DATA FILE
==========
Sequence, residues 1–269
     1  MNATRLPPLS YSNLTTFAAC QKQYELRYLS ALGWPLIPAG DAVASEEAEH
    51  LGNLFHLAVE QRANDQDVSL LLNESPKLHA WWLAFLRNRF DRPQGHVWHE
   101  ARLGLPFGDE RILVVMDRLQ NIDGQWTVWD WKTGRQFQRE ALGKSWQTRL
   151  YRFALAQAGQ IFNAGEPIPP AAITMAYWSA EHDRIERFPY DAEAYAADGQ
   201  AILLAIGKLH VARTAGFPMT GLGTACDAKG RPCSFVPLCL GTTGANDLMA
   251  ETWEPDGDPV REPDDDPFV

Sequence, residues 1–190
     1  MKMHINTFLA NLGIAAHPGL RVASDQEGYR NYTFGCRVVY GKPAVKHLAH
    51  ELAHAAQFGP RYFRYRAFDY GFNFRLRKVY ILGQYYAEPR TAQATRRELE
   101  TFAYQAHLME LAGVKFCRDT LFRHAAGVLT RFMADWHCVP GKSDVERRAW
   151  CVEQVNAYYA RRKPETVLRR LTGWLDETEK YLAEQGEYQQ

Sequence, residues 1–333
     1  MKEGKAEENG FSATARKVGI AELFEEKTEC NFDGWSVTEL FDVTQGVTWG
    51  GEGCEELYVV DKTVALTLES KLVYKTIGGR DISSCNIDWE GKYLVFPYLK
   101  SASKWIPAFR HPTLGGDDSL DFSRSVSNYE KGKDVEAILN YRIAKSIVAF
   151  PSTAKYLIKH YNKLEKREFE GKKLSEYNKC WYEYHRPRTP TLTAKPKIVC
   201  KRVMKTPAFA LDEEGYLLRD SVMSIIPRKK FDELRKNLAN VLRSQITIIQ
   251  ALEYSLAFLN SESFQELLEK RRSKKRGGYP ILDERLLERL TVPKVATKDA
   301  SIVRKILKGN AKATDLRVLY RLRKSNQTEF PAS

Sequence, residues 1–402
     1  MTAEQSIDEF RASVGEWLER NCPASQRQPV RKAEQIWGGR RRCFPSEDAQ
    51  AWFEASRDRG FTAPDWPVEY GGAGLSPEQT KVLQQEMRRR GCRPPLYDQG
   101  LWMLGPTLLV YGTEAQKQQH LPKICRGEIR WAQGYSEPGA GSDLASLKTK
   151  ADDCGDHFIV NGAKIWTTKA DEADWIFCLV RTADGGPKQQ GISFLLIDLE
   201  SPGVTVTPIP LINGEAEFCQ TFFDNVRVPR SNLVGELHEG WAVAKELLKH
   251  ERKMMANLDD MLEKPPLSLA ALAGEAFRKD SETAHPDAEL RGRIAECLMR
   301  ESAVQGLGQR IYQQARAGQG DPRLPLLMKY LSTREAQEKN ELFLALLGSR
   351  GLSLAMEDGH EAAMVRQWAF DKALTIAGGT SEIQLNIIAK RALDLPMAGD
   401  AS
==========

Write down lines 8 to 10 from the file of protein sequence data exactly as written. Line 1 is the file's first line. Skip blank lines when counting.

Sequence, residues 1–190
     1  MKMHINTFLA NLGIAAHPGL RVASDQEGYR NYTFGCRVVY GKPAVKHLAH
    51  ELAHAAQFGP RYFRYRAFDY GFNFRLRKVY ILGQYYAEPR TAQATRRELE